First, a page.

I have had many mentors along the way. I now try my best to take what I have learned and help others, maybe recommend them to my managers or help them find a position. I would try to help somebody to be a reference for them.

Some days I have hope and some days I do not. I would say hope and despair are two faces of the same coin. I feel hope to the max sometimes and I'm so desperate sometimes.

This is my mental struggle, if I could share it. This is the image in my mind. Do I feel hope? Or am I just feeling this despair? Are they really the same? It’s a struggle. Do you really have hope? Or are you lying to yourself? Are you really desperate? Or are you lying to yourself? You have to figure this out.

What does it mean to be welcomed? Welcome is like when people see you and they want you to be part of their group as you, not as your role that you can apply, not because of the thing you’re going to fill out, not because they want to pretend, it’s because they really want you. They appreciate you for who you are and they forgive you for no matter what your mistakes are. Welcome is also not when you just start at the beginning of my journey. Welcome is a continuing period. You always feel welcomed. You’ll always be here as long as those people want you for who you are.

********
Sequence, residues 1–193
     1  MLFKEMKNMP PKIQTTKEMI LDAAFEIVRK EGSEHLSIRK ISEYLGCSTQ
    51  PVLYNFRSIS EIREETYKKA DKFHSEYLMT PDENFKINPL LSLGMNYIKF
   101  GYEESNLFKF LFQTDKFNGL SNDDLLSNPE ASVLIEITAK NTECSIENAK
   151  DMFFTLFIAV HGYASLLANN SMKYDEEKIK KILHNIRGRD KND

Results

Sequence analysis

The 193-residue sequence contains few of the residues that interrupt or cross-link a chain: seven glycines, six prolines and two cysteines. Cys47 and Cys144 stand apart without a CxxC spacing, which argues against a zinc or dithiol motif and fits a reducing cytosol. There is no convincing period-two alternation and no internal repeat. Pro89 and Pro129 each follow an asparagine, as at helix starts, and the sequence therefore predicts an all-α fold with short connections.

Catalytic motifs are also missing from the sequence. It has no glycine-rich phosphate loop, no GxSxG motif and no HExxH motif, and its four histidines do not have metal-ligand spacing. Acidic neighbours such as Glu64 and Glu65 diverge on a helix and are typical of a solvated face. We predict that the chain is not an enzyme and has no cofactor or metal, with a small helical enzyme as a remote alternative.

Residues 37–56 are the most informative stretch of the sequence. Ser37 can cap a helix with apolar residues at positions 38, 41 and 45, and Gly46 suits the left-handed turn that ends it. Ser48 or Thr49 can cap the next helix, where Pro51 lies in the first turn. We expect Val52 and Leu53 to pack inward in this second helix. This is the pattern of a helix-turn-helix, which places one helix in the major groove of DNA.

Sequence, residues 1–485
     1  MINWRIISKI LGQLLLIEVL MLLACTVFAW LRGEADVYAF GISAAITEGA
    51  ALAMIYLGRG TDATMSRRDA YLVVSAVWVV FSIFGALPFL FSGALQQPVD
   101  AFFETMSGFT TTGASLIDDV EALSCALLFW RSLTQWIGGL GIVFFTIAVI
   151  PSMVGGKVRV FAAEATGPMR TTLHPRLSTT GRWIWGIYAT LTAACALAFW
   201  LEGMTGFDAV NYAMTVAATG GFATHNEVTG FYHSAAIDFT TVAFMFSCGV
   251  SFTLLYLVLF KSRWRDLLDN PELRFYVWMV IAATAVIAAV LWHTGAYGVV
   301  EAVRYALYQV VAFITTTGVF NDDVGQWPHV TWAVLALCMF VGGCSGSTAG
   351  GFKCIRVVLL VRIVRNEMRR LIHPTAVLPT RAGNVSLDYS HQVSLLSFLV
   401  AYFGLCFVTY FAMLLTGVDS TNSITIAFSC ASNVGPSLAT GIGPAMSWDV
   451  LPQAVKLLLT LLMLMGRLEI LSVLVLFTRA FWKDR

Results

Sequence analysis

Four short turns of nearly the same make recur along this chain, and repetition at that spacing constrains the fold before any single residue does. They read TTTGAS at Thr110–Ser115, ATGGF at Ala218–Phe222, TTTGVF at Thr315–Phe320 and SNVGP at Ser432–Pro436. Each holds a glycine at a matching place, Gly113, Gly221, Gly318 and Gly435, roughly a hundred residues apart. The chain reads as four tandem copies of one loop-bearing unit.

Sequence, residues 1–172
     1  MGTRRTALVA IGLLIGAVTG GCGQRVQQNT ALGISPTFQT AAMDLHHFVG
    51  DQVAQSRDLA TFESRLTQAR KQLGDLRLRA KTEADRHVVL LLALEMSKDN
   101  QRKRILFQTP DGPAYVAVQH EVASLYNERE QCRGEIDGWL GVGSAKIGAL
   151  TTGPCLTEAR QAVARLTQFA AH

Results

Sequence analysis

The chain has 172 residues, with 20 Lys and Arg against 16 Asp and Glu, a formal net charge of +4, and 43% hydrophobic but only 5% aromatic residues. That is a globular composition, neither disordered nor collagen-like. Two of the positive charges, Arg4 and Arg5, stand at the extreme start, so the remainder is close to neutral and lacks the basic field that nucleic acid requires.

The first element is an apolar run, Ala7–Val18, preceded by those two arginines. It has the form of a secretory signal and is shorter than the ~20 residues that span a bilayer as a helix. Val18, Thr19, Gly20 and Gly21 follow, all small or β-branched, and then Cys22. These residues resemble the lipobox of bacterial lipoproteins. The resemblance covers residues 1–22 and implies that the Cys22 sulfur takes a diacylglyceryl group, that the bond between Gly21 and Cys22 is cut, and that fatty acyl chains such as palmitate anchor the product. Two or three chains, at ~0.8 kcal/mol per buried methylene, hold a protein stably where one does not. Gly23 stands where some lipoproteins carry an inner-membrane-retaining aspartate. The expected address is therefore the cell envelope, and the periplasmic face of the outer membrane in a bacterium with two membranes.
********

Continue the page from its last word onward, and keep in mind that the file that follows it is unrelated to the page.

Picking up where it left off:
1 Camp Speicher is an Iraqi Air Force base also known as Tikrit Air Academy. The Camp Speicher Massacre occurred on June 12, 2014 when ISIL forces took control of the camp and executed between 1,500 and 1,700 Iraqi cadets. Those targeted were Shia Muslims and non-Muslims. Most of the bodies have been found in mass graves around Speicher, while others were thrown into the Tigris River.